JOSHUA Smith grew up on a farm. He knows only too well the cruel cycles of drought and flood, the blood, sweat, tears and now technology that goes into the land.
He also knows that many Australians think little of where their food comes from, nor the fibre that makes our clothing.
And he knows too many farmers are rubbished for destroying the environment, even when most of them are better managers of the land than any of us.
Over the past decade, the rural and landscape photographer and father of two has been flying over northern NSW, documenting the incredible scenes below.
The colours are so vibrant. The patterns so stunning. The lines so straight. Farming is art when it is shot from the sky and Josh captures it better than most.
As we celebrate Australia Day, the Canon photographer wants us to better understand the farmers' story, the incredible work they put in to putting food on our tables.
"My goal is to tell the story of Australian farmers, who are the best and most sustainable in the world.''
"Despite what some people think, farmers are very good environmentalists."
"We have got some of the best and most productive soil of anywhere in the world."
His photography demonstrates the sheer scale and beauty of the land - paddocks that can be five kilometres by kilometres - the size of Sydney suburbs.
They are farmed by massive, GPS-controlled machines which are monsters up close. But from the air they are tiny blips on the sprawling Australian landscape.
Together with long-time mate and pilot Joe Smith, Josh scours fields of wheat, barley, chickpea, cotton and sugar, looking for the magic combinations of lines, patterns, and colours, which often spring to life in the late afternoon sun.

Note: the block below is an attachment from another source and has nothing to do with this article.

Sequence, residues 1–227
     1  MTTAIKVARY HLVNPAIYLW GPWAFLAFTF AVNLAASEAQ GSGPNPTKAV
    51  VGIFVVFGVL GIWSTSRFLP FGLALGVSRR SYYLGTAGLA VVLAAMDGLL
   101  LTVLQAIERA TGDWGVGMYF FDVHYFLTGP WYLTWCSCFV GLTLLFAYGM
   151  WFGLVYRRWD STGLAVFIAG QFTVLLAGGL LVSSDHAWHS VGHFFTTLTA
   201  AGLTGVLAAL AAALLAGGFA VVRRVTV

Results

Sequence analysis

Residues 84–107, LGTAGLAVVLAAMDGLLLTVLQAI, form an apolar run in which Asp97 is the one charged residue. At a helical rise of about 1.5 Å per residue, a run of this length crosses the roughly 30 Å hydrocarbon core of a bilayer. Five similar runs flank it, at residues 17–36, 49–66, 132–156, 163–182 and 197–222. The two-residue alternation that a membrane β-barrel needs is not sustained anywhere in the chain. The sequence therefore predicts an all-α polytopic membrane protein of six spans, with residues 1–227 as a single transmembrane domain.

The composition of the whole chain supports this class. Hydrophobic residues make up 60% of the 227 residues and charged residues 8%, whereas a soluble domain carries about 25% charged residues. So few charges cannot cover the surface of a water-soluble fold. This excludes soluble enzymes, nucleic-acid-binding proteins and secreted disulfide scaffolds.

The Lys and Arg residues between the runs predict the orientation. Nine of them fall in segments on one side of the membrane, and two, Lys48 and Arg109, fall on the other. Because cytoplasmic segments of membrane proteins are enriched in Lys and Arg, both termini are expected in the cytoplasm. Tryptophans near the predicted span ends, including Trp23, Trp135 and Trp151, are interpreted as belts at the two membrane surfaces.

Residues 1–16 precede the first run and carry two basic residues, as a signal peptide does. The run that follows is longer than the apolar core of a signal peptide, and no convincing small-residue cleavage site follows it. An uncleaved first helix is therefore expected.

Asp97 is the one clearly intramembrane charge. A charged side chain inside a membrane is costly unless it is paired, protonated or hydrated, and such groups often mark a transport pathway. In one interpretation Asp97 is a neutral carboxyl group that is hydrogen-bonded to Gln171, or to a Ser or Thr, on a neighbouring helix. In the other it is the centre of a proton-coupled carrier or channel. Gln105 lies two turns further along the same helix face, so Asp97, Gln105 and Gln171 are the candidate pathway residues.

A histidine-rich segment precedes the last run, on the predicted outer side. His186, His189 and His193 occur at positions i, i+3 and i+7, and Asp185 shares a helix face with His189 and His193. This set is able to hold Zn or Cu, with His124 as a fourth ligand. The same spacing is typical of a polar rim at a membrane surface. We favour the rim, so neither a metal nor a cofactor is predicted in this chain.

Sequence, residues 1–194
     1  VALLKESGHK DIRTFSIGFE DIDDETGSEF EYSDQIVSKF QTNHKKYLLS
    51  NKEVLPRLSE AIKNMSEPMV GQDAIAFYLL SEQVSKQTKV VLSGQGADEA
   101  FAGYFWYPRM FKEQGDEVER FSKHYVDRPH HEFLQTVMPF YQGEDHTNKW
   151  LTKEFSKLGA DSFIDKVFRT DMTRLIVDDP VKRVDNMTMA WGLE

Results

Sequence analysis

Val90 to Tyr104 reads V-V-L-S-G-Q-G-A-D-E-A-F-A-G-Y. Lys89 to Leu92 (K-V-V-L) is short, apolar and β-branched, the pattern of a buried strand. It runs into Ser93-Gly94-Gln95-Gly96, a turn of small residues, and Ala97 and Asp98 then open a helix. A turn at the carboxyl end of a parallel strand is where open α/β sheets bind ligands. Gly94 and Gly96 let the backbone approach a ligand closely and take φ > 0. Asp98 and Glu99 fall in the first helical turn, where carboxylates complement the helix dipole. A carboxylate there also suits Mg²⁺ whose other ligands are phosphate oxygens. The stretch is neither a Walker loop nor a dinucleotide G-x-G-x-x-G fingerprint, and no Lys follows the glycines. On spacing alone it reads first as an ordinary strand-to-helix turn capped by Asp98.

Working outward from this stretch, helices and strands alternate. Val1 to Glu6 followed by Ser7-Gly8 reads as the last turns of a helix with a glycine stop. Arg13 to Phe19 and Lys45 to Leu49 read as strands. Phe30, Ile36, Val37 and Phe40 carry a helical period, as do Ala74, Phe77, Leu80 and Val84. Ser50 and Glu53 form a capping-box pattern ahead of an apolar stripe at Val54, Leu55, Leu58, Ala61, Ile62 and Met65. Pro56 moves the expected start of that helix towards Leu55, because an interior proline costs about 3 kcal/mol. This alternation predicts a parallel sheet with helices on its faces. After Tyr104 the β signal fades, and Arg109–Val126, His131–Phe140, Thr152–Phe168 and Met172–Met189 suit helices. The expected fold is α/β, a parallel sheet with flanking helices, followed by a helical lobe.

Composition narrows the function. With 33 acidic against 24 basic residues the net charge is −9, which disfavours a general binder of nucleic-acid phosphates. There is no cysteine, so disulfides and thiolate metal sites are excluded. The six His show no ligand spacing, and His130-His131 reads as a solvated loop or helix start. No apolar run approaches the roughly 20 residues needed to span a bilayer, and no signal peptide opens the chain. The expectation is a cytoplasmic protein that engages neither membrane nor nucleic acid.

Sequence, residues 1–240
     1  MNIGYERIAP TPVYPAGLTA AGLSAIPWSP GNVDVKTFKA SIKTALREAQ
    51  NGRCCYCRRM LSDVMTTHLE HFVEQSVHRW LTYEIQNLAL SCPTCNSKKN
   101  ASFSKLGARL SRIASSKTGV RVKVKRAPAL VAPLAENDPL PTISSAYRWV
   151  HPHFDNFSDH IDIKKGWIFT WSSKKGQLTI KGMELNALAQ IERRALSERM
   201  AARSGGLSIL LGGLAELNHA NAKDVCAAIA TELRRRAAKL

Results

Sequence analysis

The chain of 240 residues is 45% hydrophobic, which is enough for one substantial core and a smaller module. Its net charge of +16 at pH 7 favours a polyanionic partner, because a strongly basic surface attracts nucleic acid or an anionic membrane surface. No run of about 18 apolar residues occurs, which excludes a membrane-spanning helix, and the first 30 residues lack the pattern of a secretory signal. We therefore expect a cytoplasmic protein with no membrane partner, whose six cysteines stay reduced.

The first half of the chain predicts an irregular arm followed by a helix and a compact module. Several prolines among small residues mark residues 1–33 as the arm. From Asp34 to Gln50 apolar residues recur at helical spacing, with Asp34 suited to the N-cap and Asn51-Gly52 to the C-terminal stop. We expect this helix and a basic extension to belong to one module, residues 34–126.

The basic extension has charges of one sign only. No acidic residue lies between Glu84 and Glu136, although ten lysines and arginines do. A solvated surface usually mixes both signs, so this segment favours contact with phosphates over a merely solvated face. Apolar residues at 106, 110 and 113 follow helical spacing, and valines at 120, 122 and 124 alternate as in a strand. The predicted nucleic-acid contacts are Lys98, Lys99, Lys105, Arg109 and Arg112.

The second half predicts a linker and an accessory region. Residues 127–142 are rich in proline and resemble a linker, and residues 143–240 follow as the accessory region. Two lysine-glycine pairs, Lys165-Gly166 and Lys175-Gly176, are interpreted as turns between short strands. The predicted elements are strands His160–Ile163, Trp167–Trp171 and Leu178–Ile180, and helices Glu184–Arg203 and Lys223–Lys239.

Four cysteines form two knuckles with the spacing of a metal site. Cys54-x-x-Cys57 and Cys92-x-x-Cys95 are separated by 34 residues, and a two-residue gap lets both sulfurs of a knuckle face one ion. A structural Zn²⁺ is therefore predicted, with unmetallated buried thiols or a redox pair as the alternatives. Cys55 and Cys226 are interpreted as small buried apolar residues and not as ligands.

Josh, who grew up just out of Narrabri, more than 520 kilometres northwest of Sydney, has a keen eye for the 'art' of the land - something that his pilot and mate has also acquired as they work together identifying the magic moods below them.
They have travelled across NSW, down as far as Grafton and Lismore, and up to southern Queensland, as well as across to Australia's iconic desert heartland.
"There's a lot of symmetry up in the air and a lot of angles to work with.''
He loves the reaction to his photographs, particularly from farmers themselves, who may not get to see the beauty of what they do in the daily grind.
"A lot of famers see their property in a completely different light.''
The photographer, who sells his prints as fine art, describes the buzz of hearing people talk of his work at an exhibition - praise he admits remains still 'foreign' to him.
He says Australian farmers have a lot to be proud of, particularly in the way they care for, and rest, the land to ensure it remains productive into the future.
"It's really an honour to be able to tell that story…. To show people where their three meals a day and clothes comes from.''